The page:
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Afghan women's tea

By Heidi Kingstone - posted Friday, 9 November 2012


In less than 18 months world attention will cease its already waning interest in Afghanistan as the 2014 deadline looms. Nato forces are in the process of handing the reins over to Afghan security forces in this period known as Transition. Once again the fate of women and their rights is on the agenda.

After more than a decade of apparent gains on paper Afghan women barely seem better off. One explanation stems from the naïve expectation that liberation from the Taliban would lead women to abandon their burqas. "Concentrating on burqas," says Mina Sharif, an Afghan Canadian who returned to Afghanistan to start an advertising company, "is like focusing on the fact that women can't go topless in North America."

Aping western ways however was never on Afghan women's schedule as much as it was on ours. [There was a lot of good intention, but as Sam Johnson said, the road to hell is paved with good intentions.]

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In this instance, too many foreigners devised and implemented inappropriate projects, which didn't take into account the complex nature of culture and social structures. Gender-based aid programmes were designed through a western prism, often implemented by women, whose main qualification was simply to be female, and not steeped in a thorough understanding of what kind of milieu a conservative mindset created for women in the country. "You need experience in effecting change," says Sippi Azarbaijani-Moghaddam, a leading Afghan expert and consultant, "which most practitioners armed with money and good intentions didn't have."

Rather than learn from the colossal legacy of mistakes, the same mistakes continue to be replicated by donors who throw good tax-payer dollars at badly designed projects. While the west rightly demands accountability from the Afghans, who are the donors accountable to? Who can ask them why they repeat the same projects, which had little or no result the first time round?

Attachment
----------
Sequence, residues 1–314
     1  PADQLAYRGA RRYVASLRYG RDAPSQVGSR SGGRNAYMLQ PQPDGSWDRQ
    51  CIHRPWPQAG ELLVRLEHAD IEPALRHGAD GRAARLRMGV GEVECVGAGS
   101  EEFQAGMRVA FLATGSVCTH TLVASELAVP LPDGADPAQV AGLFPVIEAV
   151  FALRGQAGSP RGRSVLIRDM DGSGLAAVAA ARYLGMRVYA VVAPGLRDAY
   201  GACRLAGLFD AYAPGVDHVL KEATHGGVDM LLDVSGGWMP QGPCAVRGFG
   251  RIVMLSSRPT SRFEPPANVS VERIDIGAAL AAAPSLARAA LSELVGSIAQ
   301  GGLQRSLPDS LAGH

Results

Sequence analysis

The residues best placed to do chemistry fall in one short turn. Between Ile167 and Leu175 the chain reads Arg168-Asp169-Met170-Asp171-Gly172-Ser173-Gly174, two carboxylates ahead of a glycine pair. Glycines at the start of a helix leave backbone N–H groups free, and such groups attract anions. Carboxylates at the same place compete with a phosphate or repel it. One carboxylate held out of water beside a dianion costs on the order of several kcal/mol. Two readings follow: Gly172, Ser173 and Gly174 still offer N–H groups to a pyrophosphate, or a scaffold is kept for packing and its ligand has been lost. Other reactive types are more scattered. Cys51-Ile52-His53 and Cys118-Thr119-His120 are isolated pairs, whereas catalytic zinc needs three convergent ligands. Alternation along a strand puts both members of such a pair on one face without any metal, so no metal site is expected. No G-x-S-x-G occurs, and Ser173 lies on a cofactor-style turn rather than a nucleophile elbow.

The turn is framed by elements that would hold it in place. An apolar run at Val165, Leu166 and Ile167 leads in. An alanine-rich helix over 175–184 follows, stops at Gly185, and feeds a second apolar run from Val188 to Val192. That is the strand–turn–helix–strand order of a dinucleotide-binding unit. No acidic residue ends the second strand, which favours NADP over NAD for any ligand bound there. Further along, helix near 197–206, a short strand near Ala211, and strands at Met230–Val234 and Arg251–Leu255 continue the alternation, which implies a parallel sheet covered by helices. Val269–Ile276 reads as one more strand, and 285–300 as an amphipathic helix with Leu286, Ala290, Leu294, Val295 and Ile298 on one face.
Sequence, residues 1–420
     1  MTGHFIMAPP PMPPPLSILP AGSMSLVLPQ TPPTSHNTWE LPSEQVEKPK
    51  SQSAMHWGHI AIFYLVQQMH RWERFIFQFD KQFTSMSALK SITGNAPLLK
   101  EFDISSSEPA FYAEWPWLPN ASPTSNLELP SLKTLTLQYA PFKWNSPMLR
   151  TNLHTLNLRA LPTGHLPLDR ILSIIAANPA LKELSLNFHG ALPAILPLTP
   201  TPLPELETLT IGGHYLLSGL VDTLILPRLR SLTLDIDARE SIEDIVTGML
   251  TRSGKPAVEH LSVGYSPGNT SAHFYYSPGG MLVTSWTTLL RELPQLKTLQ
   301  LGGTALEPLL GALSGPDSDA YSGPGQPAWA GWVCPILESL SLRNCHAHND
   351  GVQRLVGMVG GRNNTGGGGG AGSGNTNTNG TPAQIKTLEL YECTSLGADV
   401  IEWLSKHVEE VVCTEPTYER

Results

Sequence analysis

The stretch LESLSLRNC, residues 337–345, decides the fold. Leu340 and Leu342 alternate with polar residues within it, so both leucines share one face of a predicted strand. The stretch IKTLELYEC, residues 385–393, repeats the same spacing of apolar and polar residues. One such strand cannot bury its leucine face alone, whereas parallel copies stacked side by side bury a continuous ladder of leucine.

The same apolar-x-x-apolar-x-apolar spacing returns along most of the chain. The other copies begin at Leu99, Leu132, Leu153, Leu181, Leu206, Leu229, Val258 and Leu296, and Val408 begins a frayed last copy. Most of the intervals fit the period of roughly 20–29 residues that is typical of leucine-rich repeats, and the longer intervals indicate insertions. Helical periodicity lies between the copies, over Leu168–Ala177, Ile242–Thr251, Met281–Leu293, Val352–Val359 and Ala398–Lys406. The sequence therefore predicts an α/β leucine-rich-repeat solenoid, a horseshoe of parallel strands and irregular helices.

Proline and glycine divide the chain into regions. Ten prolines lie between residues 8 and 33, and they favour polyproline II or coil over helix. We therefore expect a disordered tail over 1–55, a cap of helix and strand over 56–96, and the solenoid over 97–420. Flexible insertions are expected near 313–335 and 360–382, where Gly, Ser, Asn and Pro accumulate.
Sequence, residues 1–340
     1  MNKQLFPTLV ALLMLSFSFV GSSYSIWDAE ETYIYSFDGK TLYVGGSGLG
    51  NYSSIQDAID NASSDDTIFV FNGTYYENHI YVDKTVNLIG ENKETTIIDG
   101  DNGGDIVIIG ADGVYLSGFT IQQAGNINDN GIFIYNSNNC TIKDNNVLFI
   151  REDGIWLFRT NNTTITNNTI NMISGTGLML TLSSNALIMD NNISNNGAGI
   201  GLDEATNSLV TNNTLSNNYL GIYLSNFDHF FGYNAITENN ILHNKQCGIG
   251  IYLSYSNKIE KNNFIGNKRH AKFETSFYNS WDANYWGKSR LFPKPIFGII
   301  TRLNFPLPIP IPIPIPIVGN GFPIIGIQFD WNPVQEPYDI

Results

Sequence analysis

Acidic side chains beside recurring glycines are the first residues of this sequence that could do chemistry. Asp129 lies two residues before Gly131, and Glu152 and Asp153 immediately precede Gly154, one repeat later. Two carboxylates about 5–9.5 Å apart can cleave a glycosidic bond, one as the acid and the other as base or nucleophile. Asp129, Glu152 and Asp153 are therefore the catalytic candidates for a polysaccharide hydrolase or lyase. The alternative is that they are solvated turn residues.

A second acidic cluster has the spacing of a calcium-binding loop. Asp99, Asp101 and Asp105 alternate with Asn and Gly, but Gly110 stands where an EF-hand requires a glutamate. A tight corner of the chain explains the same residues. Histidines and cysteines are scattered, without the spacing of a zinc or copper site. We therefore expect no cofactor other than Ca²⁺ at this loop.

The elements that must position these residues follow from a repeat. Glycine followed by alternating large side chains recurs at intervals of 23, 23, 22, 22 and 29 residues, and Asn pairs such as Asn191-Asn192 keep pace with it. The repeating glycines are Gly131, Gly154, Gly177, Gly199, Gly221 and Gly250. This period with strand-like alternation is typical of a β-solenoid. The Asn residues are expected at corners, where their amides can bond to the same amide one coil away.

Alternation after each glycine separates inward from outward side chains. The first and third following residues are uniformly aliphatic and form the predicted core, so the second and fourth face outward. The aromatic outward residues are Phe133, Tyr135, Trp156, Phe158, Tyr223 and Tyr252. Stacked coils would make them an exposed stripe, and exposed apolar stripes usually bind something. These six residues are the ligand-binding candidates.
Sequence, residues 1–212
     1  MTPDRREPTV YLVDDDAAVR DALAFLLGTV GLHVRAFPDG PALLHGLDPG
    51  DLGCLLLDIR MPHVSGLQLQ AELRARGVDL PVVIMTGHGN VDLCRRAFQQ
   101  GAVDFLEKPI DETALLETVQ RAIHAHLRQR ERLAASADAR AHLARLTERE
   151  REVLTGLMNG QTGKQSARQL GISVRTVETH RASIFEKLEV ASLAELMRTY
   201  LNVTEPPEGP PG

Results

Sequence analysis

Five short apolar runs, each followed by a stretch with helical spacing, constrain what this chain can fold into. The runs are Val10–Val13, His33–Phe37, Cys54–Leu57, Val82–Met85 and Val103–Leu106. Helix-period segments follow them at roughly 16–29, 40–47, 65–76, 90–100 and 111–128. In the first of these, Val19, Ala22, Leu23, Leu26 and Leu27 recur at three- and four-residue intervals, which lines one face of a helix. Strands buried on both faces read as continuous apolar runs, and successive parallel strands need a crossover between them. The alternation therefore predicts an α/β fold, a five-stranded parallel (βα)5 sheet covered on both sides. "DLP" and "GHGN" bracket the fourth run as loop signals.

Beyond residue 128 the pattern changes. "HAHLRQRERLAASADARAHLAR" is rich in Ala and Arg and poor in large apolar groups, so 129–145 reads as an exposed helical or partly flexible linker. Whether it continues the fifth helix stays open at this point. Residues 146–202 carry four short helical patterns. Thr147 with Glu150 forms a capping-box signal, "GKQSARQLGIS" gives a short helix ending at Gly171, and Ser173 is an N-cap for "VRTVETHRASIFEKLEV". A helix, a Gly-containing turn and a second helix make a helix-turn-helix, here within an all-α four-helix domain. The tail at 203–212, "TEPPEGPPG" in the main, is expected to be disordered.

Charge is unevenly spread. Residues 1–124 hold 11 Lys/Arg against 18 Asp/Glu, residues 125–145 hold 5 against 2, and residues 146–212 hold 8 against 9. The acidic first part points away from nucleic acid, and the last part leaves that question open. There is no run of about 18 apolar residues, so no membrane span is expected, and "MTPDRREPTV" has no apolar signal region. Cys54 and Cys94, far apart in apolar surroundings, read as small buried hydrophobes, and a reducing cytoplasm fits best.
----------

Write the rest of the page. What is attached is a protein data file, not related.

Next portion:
Large amounts of money are spent on aspirational projects which focus on capacity building and gender awareness in ministries or in creating gender focal point positions or helping the Ministry of Women's Affaires create ambitious plans it cannot implement. "At this point," says gender specialist Azarbaijani-Moghaddam, who has spent nearly two decades working with women in Afghanistan, "what Afghan government official isn't aware of gender, women's rights and the 'correct' thing to say in a workshop on such issues? If the ministries are not serving women's interests, as they should after a decade of capacity building and having women's rights shoved down their throats, then the problem lies deeper. But which foreign entity is brave enough to descend into those depths, seek what lies beneath, name it and work to transform it. It is an epic quest not for the faint hearted. Most people prefer to stick a new coat of paint on old favourites – income generation, literacy, gender awareness, women's rights training, business management, leadership training and so on."